Now in his senior years, Nicholas Van Tassel travels on a train from New England to Florida for the burial of his sister, while writing the memoirs of his ruined life. He begins years earlier with the fire --- the fire that would set his fate.
As crowds escape a hotel blaze, Van Tassel spots a riveting woman under a lamppost. "There was about her a quality of stillness that was undeniably arresting, and if I close my eyes now," he recalls, "here in this racketing compartment, I can travel back in time more than three decades and see her unmoving form amidst the nearly hysterical crowd." From the start, Shreve sets up the initial sighting of Etna Bliss as something beyond normal attraction. Van Tassel tells us "my desire for this unknown woman was so immediate and keen and inappropriate that it quite startled me." In hindsight, Van Tassel describes his passion as capable of eroding and enhancing character --- in equal measure --- and yet it is the sentence about erosion that is most telling of things to come: "The erosion the result of the willingness to do whatever is necessary to obtain the object of one's desire, even if it means engaging in lies or deception or debasing what was once treasured."
Enamored, Van Tassel pursues the aloof Etna immediately and with vigor. He ingratiates his way into her life, which is easy to do in the small quiet town where he has made his life and where there is little else to entertain or distract Etna. A seemingly harmless type --- professorial by vocation and character --- he is, by his own account, loyal and disciplined, even, ironically, when visiting the less savory neighborhood of Springfield, Massachusetts for trysts with women of some reputation. Etna proves to be a formidable mystery, but Van Tassel, who is obsessed, perseveres. They ultimately wed and have children, but Etna remains distant and impenetrable, and Van Tassel suspects that she has known love before him, though he dare not ask. Instead, he lets his jealousy fester. Eventually Etna's past comes to light and collides with Van Tassel's need to totally possess her. A grand scale betrayal ensues, wreaking destruction and devastation on all involved.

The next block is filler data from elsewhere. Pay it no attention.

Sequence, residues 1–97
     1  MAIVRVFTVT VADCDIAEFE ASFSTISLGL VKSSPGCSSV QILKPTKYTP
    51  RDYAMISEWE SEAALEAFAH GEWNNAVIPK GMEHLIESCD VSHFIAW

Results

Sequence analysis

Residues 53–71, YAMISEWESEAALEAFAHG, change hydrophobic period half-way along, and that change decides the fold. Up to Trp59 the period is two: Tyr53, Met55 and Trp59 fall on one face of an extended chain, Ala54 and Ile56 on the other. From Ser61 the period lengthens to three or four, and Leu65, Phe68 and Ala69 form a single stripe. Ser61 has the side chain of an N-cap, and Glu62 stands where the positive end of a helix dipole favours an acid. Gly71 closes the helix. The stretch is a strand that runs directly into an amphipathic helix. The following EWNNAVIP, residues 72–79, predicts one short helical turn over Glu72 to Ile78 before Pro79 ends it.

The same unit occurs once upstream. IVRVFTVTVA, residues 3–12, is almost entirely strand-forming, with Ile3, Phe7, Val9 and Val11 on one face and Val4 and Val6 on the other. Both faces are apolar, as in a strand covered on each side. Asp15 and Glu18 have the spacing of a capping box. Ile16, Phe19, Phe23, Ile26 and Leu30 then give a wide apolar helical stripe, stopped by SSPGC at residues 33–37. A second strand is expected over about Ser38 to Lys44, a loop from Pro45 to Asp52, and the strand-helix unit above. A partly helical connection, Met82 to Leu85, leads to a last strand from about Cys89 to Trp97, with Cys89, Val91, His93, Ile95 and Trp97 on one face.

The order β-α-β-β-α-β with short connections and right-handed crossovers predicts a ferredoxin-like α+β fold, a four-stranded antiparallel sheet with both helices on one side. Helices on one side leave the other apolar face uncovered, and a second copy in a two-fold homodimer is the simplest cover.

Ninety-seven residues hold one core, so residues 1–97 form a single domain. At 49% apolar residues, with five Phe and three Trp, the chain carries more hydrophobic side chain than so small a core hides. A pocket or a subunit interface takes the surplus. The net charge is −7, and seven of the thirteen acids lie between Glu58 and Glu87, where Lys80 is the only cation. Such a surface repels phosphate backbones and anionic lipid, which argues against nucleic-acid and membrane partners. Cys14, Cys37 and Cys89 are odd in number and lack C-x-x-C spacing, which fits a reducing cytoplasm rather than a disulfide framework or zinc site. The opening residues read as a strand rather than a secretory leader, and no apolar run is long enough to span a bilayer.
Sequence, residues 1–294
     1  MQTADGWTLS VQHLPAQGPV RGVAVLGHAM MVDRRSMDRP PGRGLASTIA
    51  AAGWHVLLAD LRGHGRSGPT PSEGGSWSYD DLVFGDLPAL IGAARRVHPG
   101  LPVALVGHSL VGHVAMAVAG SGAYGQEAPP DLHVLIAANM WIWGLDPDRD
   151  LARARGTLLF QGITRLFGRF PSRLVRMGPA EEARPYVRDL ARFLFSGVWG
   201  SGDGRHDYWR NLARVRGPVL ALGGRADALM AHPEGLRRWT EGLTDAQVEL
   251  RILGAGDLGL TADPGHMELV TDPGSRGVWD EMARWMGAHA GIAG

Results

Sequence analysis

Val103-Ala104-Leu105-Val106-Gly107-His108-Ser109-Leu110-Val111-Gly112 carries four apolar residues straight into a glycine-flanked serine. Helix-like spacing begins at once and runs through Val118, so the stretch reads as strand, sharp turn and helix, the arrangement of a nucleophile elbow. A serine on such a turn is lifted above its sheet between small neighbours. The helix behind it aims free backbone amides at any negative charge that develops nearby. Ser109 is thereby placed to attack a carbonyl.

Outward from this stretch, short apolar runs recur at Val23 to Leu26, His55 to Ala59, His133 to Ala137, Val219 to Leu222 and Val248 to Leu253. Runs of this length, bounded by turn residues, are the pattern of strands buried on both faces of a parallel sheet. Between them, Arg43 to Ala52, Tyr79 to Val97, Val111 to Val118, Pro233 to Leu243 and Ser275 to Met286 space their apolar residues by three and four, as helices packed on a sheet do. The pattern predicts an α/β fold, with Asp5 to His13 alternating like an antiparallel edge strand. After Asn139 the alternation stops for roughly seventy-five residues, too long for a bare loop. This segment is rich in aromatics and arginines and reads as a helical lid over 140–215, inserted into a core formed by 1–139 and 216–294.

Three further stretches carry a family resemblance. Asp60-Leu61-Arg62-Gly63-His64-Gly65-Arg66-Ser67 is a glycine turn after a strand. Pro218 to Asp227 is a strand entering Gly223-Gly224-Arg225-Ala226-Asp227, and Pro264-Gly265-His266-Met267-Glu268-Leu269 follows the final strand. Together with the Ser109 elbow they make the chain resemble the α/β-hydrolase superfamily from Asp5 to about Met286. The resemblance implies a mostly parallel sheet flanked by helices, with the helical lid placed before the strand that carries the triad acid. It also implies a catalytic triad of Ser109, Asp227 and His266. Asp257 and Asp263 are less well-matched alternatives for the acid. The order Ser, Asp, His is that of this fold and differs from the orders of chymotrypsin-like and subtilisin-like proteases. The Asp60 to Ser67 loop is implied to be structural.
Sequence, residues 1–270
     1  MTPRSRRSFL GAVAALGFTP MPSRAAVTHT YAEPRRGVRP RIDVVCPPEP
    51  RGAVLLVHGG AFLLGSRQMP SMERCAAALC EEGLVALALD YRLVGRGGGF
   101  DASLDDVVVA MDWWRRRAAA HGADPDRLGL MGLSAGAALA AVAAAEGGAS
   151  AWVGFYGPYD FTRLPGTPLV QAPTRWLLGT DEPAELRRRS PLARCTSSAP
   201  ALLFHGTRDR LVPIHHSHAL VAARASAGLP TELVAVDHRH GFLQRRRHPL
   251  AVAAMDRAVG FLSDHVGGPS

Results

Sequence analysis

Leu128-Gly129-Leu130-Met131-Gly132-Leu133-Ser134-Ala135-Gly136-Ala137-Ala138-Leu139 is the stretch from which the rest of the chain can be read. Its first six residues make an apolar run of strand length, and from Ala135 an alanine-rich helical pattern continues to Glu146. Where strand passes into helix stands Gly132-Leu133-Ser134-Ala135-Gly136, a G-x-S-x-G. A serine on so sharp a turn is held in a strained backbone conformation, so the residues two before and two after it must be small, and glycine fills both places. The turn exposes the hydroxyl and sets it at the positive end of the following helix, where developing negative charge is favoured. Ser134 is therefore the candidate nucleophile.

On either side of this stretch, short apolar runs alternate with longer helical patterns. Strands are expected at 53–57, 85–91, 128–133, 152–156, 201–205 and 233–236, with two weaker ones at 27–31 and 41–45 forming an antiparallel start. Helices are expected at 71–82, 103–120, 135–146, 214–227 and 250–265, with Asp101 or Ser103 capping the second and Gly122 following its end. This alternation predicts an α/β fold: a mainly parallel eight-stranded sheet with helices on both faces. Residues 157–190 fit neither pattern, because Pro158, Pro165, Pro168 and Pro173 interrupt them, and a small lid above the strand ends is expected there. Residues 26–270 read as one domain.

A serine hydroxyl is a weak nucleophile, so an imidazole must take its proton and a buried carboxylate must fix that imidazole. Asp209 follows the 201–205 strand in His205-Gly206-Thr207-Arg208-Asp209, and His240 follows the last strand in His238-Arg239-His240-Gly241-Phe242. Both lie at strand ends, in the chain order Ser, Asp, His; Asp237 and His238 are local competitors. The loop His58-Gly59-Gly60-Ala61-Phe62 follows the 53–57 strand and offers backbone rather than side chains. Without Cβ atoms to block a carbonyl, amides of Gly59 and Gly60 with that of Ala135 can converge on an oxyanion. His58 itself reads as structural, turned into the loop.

Shreve peppers the story with the telltale detail she has come to be known for. Set in the last 19th and early 20th centuries, Van Tassel and Ms. Bliss engage in a proper courtship of afternoon teas, walks in the park and the exchange of books. All the while Van Tassel's desire grows, consumes and seethes below the surface.
Shreve is one of those rare great authors who is equally at ease writing about any period. One sees the clothes, the furniture and the architecture in lively, captivating detail. Even in sharing his want, Shreve shows the reserve appropriate of the time: "Had it been at all within the realm of possibility, I would have crossed the distance between us and forced her face to mine. I would have dug my hand into the small of her back so that she was pressed hard against me. I would have lifted her skirts and run my hand along her thigh and tucked my fingers into her stocking. I would have done all those things, and perhaps she saw this, for she drew herself together in an instant, as if she had plunged her wrists into icy water. Of course, I did nothing, but I cannot help but wonder what might have happened between us had I been bold enough to touch her then." Such restraint is palpably evident throughout the book --- and rightly so. It is the tenor of the time and Shreve is a master of time.
The acclaimed talents evident in WEIGHT OF WATER, THE PILOT'S WIFE and Shreve's other works are on full display in ALL HE EVER WANTED. She takes us to another time period with evocative language, in a rich and complex story. Shreve plumbs the depth of desire and love and jealousy in intimate and immediate detail, once again proving her place as a bestselling author.
Reviewed by Roberta O'Hara on January 20, 2011
All He Ever Wanted